Acupuncture for the treatment of urinary incontinence: A review of randomized controlled trials

  • Authors:
    • Sun‑Ho Paik
    • Su‑Ryun Han
    • Oh‑Jun Kwon
    • Young‑Min  Ahn
    • Byung‑Cheol Lee
    • Se‑Young Ahn
  • View Affiliations

  • Published online on: July 9, 2013
  • Pages: 773-780
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The aim of this study was to examine the effects of acupuncture on urinary incontinence and to discuss why these acupoints were selected. Seven databases were searched for any randomized controlled trials (RCTs) that investigated the use of acupuncture or acupressure as a treatment for urinary incontinence, and the Cochrane risk of bias tool was utilized to evaluate the risk of bias in each study. Four RCTs met all the inclusion criteria. The results from the selected RCTs failed to demonstrate any statistically significant improvements in urinary incontinence, although acupuncture or acupressure did exhibit favorable effects on overactive bladder symptoms and quality of life, in comparison with other conventional therapies. There have been limited results supporting acupuncture or acupressure as an effective treatment method for urinary incontinence; therefore, further RCTs are required to confirm the effectiveness of acupuncture or acupressure in the treatment of urinary incontinence.


Acupuncture has been performed in Korea for thousands of years and is still actively practiced in clinics today. In particular, acupuncture is known to be useful due to its pain relieving effects; however, at present, it is also studied and used for the treatment of broader symptoms, such as urinary incontinence. Urinary incontinence is a common condition, affecting ~25% of premenopausal and 40% of postmenopausal women. While it may not be a critical problem, it reduces the quality of life; however, only approximately one in four women with urinary incontinence consult a doctor about their condition (1).

Stress and urge incontinence are the two most common types of urinary incontinence, and mixed incontinence, which is a combination of the two, is also prevalent. Stress incontinence occurs when the bladder pressure exceeds urethral resistance as a result of an increased abdominal pressure, for example due to sneezing or coughing (2). Stress incontinence is defined as an involuntary leakage when the abdominal pressure increases, whereas urge incontinence occurs as a result of uncontrolled abnormal detrusor contractions that exceed the urethral pressure (2). The etiology of the urinary urgency that causes urge incontinence has not yet been fully elucidated, although some peripheral nerves, as well as the central nervous system, may be involved in muscle hypersensitivity and the reduced effectiveness of smooth muscle relaxation (3).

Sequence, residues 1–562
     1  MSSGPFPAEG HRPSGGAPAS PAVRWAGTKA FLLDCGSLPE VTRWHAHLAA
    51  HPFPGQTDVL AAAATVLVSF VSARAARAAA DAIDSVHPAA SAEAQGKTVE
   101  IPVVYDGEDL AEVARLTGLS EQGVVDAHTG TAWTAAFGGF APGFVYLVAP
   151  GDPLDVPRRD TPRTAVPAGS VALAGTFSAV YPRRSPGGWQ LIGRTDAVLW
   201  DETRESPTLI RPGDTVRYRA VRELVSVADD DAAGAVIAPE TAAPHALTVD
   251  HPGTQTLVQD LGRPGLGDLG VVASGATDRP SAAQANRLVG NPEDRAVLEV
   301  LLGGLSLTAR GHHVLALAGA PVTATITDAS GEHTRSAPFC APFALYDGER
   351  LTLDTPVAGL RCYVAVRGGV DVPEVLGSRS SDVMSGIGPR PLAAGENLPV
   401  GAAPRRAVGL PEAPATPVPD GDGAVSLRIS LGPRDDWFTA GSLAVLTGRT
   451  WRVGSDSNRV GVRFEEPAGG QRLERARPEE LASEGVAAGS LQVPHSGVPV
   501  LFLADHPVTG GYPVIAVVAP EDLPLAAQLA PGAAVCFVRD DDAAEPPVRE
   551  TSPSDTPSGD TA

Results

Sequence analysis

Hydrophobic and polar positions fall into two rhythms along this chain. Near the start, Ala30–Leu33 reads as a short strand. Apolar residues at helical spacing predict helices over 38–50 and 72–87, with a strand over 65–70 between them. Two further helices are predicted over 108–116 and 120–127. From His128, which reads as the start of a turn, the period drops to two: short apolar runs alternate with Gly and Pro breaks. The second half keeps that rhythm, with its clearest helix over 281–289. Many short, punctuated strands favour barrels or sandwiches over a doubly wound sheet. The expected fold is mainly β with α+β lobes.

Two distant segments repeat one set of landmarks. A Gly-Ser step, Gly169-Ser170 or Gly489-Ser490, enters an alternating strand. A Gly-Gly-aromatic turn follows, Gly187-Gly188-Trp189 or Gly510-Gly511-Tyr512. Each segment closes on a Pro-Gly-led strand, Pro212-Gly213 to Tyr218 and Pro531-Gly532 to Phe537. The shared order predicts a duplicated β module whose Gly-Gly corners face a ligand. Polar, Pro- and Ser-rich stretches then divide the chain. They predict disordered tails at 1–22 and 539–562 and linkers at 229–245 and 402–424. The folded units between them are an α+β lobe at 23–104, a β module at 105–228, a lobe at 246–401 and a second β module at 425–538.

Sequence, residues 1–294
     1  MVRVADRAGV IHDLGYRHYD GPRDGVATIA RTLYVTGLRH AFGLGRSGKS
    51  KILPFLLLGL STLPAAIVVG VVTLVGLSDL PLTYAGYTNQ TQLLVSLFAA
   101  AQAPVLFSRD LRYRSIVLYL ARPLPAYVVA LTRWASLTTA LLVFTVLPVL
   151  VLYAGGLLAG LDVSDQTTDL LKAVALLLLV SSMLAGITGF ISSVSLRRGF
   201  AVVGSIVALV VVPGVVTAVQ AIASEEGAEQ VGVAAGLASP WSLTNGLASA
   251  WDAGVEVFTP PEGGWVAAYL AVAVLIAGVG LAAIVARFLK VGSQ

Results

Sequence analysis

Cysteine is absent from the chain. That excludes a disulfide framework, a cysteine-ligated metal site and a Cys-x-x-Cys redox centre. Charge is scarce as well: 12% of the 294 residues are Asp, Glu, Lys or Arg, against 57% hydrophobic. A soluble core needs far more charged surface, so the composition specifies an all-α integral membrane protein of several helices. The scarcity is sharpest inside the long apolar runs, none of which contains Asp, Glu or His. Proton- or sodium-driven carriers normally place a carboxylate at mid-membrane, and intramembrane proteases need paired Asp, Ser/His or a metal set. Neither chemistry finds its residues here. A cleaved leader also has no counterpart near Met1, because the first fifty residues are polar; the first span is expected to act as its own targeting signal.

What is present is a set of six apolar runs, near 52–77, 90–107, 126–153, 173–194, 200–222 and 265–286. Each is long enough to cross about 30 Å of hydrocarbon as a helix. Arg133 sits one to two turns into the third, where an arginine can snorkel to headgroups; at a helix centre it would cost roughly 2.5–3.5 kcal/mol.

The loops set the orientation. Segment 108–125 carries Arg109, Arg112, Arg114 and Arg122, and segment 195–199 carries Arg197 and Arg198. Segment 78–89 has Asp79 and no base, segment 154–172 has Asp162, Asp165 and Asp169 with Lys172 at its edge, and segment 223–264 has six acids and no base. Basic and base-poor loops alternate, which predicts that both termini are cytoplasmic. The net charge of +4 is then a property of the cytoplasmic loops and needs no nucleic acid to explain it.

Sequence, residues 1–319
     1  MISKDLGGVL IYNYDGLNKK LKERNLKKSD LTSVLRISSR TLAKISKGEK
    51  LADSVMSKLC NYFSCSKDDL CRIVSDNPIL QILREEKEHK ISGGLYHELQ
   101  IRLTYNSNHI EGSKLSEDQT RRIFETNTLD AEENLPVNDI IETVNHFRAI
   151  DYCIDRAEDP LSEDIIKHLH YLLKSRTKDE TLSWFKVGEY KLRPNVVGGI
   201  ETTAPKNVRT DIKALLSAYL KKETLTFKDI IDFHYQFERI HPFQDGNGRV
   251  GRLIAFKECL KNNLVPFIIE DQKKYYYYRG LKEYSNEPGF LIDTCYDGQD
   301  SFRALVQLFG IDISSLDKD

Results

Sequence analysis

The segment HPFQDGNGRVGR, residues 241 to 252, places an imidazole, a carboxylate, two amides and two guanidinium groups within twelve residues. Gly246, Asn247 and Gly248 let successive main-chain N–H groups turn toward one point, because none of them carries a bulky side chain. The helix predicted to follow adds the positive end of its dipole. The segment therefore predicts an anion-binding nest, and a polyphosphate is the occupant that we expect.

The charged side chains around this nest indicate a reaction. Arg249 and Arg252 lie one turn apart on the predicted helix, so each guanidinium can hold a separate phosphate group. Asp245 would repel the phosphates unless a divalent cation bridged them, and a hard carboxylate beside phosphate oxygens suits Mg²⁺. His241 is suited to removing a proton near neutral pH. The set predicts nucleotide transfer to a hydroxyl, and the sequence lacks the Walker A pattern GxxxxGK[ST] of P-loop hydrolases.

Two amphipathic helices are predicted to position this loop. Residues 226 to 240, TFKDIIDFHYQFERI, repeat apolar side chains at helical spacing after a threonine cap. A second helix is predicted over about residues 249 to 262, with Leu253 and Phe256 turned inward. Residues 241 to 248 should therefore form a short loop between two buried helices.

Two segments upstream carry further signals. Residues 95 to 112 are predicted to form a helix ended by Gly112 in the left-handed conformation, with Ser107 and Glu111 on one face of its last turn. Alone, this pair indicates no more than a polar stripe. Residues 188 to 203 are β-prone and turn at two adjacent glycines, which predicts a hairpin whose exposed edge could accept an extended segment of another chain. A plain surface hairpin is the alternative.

Acupuncture was initially described as a successful treatment for certain overactive bladder symptoms in the 1980s (4,5), and, since then, a number of clinical trials on incontinence have been carried out (68). There have been numerous clinical trials and some randomized controlled trials (RCTs) on urinary incontinence due to bladder instability or stress incontinence; however, the results are limited and there have been no systematic reviews to date.

The acupoints used in the studies were selected based on Korean Medicine theory, and their mechanism may be understood with reference to the autonomic and somatic nerve innervations to the bladder. Certain studies have indicated that acupuncture may influence the autonomic nerve system (9). There has not been sufficient consideration of the depth of the acupuncture insertion into the body in previous studies, and, therefore, this review aimed to provide information as to why insertion depth is necessary as a differential factor.

In this review, we examined the efficacy of acupuncture with regard to urinary incontinence, and assessed the levels of the autonomic efferent and afferent pathways and the depth of the needle insertion in the acupuncture.

There is a complex rationale behind the choice of acupuncture points for incontinence. The muscles controlling micturition are controlled by the autonomic and somatic nervous system. The detrusor muscle is relaxed by sympathetic stimulation that originates from the lumbar spinal cord T11-L2 region, and contracted by parasympathetic stimulation from the sacral spinal cord S2-4 region. The external urethral sphincter is under somatic control (10). Therefore, the coordination of the autonomic and somatic nerves to the bladder and urethra is important not only in micturition, but also in incontinence.